In her first year at Vanderbilt, Elin pursued her passions of education and youth empowerment through involvement in a range of campus and community organizations. She served as a tutor and friend to youth through Pencil Pals, Vanderbuddies, Vanderbilt Student Organizations that serve students attending Nashville’s lowest performing schools. She also enjoyed the privilege of partnering with Vanderbilt’s flagship chapter of NextStep, which provides support to individuals with intellectual disabilities who enroll as students at Vanderbilt. Working with students to encourage and support their intellectual, emotional and social development, coupled with an incredible year of learning both in the classroom and within the Ingram Scholarship Program, provided the scaffolding for Elin’s Summer Project the summer following her freshman year. Partnering with Tara Mullally, a fellow Class of 2013 Ingram Scholar and wonderful thinker, Elin enjoyed the gift of traveling to a place close to her heart, Kingston, Jamaica. Tara and Elin created and taught a yearlong art therapy curriculum for children aged 1-7 and fundraised support to carry out a full remodel of the orphanage facilities during their summer in Kingston.
Sophomore year, Elin followed her passions through new opportunities, spending more time involved in indirect, organizational service than she ever had before. Working with fellow scholar Rachel Morris, she served as Co-Sponsorship chair for the Alternative Gift Fair, a campus organization that coordinates a Holiday Fair selling gifts that give back to others. She also continued her partnership with Tara as they collaborated to plan a Spring Break trip back to Kingston, Jamaica through Manna Project International’s Vanderbilt Chapter. Elin also worked with LEAD Academy Charter School in Nashville as a research intern conducting research and data analysis as they pursued new grants and growth opportunities. While learning about the organizational side of service endeavors, Elin also continued her involvement with NextStep.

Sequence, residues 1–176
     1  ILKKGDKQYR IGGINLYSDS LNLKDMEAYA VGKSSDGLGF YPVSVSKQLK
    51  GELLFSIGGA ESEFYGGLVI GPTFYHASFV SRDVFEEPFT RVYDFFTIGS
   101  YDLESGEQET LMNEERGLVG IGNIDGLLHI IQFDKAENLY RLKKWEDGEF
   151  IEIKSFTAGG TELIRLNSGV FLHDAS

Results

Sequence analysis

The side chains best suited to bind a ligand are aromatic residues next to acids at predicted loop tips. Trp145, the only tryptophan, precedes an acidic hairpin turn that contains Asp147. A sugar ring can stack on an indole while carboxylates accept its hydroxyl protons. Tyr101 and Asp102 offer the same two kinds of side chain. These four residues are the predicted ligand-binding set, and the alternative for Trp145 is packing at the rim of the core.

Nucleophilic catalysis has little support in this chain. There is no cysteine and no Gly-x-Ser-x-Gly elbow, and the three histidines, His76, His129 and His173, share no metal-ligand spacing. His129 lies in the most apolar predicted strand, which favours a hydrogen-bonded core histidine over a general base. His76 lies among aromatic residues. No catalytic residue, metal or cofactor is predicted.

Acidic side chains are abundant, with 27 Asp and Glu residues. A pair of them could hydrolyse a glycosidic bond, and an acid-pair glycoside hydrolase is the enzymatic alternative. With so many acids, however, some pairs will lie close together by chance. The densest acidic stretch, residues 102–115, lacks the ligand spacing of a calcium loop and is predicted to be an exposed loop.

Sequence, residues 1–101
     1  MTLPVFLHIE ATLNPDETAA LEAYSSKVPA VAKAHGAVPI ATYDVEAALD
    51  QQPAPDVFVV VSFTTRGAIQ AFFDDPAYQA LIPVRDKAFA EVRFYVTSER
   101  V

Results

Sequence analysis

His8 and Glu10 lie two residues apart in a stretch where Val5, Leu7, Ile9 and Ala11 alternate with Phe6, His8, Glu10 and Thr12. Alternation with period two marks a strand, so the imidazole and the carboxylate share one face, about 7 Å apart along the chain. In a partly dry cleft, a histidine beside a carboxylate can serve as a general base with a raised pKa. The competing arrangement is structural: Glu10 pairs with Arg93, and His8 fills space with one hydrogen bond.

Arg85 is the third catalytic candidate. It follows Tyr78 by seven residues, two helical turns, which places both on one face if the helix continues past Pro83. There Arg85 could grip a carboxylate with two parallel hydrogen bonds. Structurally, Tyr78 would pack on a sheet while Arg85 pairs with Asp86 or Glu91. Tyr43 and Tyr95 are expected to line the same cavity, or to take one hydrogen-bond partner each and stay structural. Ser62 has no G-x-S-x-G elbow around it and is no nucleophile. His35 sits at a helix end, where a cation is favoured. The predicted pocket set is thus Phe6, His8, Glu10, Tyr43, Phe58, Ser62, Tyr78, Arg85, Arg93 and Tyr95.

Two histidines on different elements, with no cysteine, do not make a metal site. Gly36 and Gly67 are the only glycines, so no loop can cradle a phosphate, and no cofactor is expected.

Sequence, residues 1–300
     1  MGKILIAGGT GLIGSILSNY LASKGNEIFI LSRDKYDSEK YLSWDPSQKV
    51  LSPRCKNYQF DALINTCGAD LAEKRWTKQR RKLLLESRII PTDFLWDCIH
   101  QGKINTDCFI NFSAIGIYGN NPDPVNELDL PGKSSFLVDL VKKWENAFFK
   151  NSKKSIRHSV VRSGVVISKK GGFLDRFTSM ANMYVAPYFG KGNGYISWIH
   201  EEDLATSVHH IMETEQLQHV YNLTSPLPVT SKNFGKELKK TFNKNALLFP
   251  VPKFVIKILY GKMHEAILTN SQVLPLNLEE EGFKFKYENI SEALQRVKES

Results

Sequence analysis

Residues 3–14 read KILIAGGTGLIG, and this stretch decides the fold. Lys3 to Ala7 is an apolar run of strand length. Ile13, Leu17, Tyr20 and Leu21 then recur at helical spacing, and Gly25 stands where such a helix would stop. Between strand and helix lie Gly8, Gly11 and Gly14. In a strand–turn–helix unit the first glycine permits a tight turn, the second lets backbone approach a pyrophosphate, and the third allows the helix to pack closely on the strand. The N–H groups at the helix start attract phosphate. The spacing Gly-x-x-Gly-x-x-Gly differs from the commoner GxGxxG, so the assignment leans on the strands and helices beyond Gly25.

Elin spent the first semester of her Junior year studying abroad in Cape Town, South Africa. Her time in Cape Town catalyzed a shift back to people-centered service, as she developed close relationships with three students through the student-run service program at the University of Cape Town, SHAWCO. Laughter, struggling through math problems, and sharing stories of their different experiences growing up bonded Elin and her three students extremely closely during their months together. Those relationships, coupled with the courses Elin took at the University focusing on the potential embedded in communities and the ability of youth to facilitate and spark powerful change in their communities, inspired much of the work Elin partook in upon returning to Vanderbilt for her spring semester. Working with Emily Woods, also an Ingram Scholar and fellow adventurer who also studied abroad in Cape Town, Elin spent much of the spring semester meeting with professors at Vanderbilt and writing drafts of a Curriculum designed to equip youth with the confidence, inspiration, awareness, strategies and skills to become servant leaders themselves. The curriculum, entitled “Fingerprints Student Leadership Training Program,” evolved into a summer experience for both Emily and Elin, as both are teaching pilot programs. Elin is teaching the curriculum to 1-8 graders at the Martha O’Bryan Center Summer Camp in East Nashville. Elin is also conducting research with a faculty mentor, Ann Neely, also the former director of the Ingram Scholarship Program, and fellow Ingram Scholar Mara Truslow, on the efficacy of creative writing programs in schools as stimulators of growth of creativity, empowerment and community building.
The Fingerprints curriculum represents a culmination of both the experiences and wisdom the Ingram Scholarship Program has facilitated in the past three years of Elin’s life. It is with gratitude and excitement that Elin looks to her senior year as an opportunity to share a curriculum designed to ignite the servant leadership potential of other youth with others. She also hopes to continue her relationship with the Martha O’Bryan Center in East Nashville, where she is teaching her pilot of the curriculum